EJUSA is a national organization that works to transform the justice system to one that heals and restores lives. We believe that we won’t get there solely by dismantling the parts of our justice system that are broken. We must also build the system we want in its place: one that prevents violence, heals trauma, helps people harmed by crime to rebuild their lives, creates genuine accountability instead of mass incarceration, and treats everyone fairly and equitably in the process. Best known for our work to end the death penalty, we played major roles as lead national partner in the repeal of the death penalty in seven states, working with local partners to highlight the failure of the system for all stakeholders, and passed bills increasing services for family members of homicide victims. We began building crime survivor-led campaigns 10 years ago, and today we are among a small cadre of national leaders reframing the criminal justice debate to focus on the needs of those most impacted by crime. We also have 10 years’ experience building bridges with voices that have not played a major role in the past with criminal justice reform, such as crime survivors, law enforcement, Evangelicals, and conservatives. For more information about EJUSA’s Police/Community Initiative, contact Fatimah Muhammad, Director of EJUSA’s Trauma Advocacy Initiative, at fatimahm@ejusa.org or 908-247-2885.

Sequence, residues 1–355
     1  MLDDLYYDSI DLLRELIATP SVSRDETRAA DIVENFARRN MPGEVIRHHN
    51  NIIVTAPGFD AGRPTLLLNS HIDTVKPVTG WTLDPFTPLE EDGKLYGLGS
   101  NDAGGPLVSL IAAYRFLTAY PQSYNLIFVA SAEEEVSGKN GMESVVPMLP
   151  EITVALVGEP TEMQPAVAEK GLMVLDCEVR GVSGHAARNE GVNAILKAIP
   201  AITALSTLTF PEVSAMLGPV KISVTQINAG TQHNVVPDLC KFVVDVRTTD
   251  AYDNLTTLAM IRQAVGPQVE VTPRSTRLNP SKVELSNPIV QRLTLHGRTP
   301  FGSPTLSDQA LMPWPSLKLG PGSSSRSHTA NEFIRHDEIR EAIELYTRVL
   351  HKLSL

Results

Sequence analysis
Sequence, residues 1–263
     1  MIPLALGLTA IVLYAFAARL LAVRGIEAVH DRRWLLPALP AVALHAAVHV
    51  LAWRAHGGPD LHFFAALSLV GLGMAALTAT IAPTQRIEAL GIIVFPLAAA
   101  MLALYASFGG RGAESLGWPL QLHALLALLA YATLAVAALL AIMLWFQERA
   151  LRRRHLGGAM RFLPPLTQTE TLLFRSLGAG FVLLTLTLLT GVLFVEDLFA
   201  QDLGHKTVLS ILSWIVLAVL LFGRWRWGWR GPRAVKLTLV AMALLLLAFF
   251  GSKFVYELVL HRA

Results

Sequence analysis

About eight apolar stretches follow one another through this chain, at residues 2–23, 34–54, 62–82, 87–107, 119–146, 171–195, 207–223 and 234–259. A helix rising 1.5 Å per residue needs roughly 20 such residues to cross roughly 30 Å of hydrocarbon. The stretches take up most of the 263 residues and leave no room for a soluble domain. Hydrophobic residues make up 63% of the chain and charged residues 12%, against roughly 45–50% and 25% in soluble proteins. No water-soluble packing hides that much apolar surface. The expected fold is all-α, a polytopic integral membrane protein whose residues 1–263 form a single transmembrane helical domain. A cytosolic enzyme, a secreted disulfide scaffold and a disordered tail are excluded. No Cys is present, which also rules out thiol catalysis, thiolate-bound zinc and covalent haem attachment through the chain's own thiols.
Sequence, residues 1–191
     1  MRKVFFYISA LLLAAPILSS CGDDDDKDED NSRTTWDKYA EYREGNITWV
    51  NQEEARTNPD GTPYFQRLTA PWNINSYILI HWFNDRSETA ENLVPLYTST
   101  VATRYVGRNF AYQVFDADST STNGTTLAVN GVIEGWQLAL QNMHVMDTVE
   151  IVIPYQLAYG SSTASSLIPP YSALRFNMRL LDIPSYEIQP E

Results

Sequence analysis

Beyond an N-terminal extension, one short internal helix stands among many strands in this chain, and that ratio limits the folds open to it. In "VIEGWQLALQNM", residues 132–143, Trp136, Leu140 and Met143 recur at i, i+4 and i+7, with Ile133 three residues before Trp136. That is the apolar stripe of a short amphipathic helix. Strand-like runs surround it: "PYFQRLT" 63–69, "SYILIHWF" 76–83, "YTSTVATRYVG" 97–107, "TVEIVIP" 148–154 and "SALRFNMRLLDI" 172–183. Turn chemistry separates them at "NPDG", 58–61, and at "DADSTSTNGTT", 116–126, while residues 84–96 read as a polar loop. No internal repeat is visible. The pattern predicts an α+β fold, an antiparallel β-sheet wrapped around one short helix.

At a time when our nation is grappling with issues of racism and trust among officers and communities of color, I have seen these groups come together with tremendous courage to talk about the trauma they see and experience everyday. Difficult at first, these dialogues become transformative when both sides understand that is it the system itself that harms them. From there, they are ready to organize together and create powerful change. I’ve seen it over and over again. It moves me every time.

— Fatimah Muhammad, Director of EJUSA’s Trauma Advocacy Initiative


Photo: Copyright TíaTia Productions

*  This project has been made possible through the generous support of the Healthcare Foundation of New Jersey and contributions from: NJ Association of Black Psychologists, Urban Renewal Corp, Newark Anti-Violence Coalition, Safer Newark Council, Violence Intervention & Prevention Specialists, Fierro Consulting, LLC, and JR Belk Consulting.

** EJUSA’s curriculum is based on a model from Substance Abuse and Mental Health Services Administration (SAMHSA) and Policy Research Associates.